Margo: I love this idea. I especially love that you have experience seeing reluctant readers interested in the legends and reading on their own! Being a retired English teacher and a writer for children, do you have any tips for parents, teachers, and librarians about how to encourage children to read and foster a love of reading?
Cheryl: Yes, I do, Margo. It’s what educators and many parents already know. Be a role model for kids. I am, be they my students, my own, or my grandkids. Kids watch adults carefully and imitate them to a certain degree. And that imitation can influence their choices with reading and writing. The truth is that kids who see adults reading will be more favorably disposed to reading. My kids were both readers, and my husband and I read constantly with them and in front of them.
If you have a kid who is a reluctant reader, there may be several reasons for this. Many kids, especially boys, struggle with reading for one reason or another. Be patent with them. As parents, express your concerns to their teachers, and see if testing can be done at the school. Gently encourage reading at home. Don’t harp on what they are reading.
I had a 30-minute conversation with a grandmother just this last weekend about her 11-year-old grandson who refused to read. Frustrated, the parents and grandparents pushed hard and gave the boy severe consequences for not reading. In talking with her, she let it slip that the boy would read a graphic novel once in a while. I looked into her eyes and said, “Then he is reading. Encourage that. Graphic novels are okay.” We talked a bit more and as she left, she said, “So I should get him graphic novels for Christmas?” Yes was my reply, but I told her just a couple. She didn’t want to overwhelm him.
Margo: That is a great story. I believe 100 percent everything you just said. The books my daughter chooses to read are not always the ones I would choose for her, but then again, I don’t want anyone choosing my books! So, you’ve talked about this a little already, but what drew you to want to be a children’s author as a 2nd career?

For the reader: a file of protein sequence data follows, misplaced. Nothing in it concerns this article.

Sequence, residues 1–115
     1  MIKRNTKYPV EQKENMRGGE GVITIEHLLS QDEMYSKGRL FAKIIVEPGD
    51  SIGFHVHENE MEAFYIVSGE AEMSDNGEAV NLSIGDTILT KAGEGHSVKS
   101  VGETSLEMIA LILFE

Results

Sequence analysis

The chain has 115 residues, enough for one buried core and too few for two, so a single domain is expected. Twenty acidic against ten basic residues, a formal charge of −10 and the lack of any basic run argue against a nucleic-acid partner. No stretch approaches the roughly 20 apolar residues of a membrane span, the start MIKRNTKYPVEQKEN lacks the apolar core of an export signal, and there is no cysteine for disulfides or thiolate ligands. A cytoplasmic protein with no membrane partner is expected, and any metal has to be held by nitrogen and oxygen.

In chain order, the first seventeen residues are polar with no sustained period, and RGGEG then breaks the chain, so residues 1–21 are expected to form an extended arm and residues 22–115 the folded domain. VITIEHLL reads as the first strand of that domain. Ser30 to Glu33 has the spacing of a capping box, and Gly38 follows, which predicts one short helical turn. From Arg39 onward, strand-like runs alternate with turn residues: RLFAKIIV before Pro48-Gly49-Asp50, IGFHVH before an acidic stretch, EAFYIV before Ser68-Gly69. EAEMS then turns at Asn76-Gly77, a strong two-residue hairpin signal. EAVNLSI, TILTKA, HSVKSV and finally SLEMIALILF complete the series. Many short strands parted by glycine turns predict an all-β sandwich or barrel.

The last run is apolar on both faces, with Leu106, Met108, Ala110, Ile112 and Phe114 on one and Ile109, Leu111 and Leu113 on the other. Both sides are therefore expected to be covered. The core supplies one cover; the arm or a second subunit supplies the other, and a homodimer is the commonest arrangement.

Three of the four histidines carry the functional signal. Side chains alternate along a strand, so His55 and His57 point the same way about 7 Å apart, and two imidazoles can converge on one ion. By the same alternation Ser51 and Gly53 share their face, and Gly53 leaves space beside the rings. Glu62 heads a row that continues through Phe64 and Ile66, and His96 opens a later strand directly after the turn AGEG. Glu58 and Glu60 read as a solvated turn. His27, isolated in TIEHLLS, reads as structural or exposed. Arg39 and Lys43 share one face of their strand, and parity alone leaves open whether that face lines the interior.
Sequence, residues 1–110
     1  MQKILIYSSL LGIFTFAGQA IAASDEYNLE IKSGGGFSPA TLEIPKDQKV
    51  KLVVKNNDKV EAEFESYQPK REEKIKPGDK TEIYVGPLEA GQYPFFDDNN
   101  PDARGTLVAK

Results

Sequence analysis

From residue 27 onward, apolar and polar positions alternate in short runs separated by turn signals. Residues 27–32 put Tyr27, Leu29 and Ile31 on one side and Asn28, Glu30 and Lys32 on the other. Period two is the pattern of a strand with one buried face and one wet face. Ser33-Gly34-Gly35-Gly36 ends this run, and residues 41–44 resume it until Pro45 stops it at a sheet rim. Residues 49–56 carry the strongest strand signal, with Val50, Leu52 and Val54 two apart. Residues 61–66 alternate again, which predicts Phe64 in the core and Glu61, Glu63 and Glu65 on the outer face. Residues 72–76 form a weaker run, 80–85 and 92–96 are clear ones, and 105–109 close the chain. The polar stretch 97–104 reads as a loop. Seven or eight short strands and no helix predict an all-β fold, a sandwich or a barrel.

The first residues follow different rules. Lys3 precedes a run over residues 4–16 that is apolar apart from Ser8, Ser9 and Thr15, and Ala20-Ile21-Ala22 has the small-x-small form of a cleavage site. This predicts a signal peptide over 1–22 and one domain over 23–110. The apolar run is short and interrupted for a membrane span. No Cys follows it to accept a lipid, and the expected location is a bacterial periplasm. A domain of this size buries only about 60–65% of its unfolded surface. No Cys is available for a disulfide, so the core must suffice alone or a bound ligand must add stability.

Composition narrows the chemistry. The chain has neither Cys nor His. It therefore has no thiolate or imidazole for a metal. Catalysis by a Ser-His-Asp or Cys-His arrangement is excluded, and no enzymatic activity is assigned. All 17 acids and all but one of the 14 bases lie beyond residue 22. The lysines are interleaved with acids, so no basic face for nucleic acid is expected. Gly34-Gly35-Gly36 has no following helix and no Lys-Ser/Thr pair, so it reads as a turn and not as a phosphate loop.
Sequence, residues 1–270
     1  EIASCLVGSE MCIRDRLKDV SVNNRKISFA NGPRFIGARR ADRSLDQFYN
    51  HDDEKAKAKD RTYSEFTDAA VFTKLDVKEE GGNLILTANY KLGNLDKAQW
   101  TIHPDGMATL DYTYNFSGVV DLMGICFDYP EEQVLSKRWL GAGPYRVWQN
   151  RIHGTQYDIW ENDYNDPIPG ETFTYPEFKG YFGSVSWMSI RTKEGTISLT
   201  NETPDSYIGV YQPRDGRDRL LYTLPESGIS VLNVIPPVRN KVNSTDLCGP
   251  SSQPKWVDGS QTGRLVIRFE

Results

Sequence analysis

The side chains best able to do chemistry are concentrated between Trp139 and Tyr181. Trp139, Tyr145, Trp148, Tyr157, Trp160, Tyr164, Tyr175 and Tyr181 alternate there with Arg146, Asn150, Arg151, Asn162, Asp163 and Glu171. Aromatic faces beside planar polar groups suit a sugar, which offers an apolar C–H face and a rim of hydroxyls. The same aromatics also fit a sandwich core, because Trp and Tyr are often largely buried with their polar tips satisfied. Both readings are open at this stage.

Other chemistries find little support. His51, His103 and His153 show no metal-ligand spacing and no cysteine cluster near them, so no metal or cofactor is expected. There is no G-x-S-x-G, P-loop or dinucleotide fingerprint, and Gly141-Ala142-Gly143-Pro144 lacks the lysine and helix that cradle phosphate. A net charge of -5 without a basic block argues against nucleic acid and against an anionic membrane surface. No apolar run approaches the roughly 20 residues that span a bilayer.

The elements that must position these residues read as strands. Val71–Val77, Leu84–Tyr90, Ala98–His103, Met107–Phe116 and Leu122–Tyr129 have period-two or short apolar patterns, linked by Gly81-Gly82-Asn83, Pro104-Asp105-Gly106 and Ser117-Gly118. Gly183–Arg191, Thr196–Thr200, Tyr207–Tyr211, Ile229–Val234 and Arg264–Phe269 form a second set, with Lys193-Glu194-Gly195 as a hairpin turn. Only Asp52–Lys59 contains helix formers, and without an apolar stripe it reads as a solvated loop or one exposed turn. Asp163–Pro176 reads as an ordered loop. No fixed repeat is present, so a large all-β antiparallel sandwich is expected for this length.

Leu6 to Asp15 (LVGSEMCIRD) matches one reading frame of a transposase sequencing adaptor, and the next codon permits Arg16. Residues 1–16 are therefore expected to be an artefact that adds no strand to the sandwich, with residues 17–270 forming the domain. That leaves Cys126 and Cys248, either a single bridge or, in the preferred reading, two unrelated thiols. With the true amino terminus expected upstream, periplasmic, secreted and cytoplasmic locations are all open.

Cheryl: Having worked with students who resisted reading at the high school level for 20+ years, I was on the lookout for literature that would call to them. When I found the excitement these kids had for Arthurian Legend stories, I decided to try and reach reluctant readers at an earlier age. You can read my complete blog post “Why I Went From Teaching Tales & Legends to Writing Them” at http://www.astorybookworld.com/2018/10/why-i-went-from-teaching-tales-legends.html
Margo: Is there anything else you would like to add about your books or your writing career? Also, where can interested readers find out more about you and your books?
Cheryl: Currently, I am working on the third book in my Guinevere trilogy. It’s titled Guinevere: The Legend. An interesting tidbit about my writing: I always decide on the title of a work before I start writing. I’ve never changed a title. I think that deep in my subconscious the story is already completed. It’s just waiting for me to work out the kinks!
I also love to do classroom visits, even outside of Colorado. Contact me, and we can work out the details. (Hint: I’m also a retired airline employee, so I can usually fly to destinations for little or no cost.)
Thank you, Margo, for hosting me! By the way, I love the title of your blog. I am a dreamer, and those lyrics fit perfectly into my life!
Margo: Thank you for your time, Cheryl! The work you are doing to bring a love of reading to children is very exciting! Best of luck to you. 🙂
When their adventure turns deadly & dangerous, Guinevere & Cedwyn find themselves embroiled in a life-or-death struggle. Not only are they in danger, but so are the kids of Cadbury Castle. Renegades – foiled in their attempt to kidnap the princess – steal the children of Cadbury Castle to sell as slaves. Guinevere and Cedwyn vow to rescue the children, but a miscalculation puts them all in more danger. As the plan quickly unravels, Cedwyn chooses to turn his dream of becoming a knight into reality.
Will their courage be strong enough to survive, or will one make the ultimate sacrifice?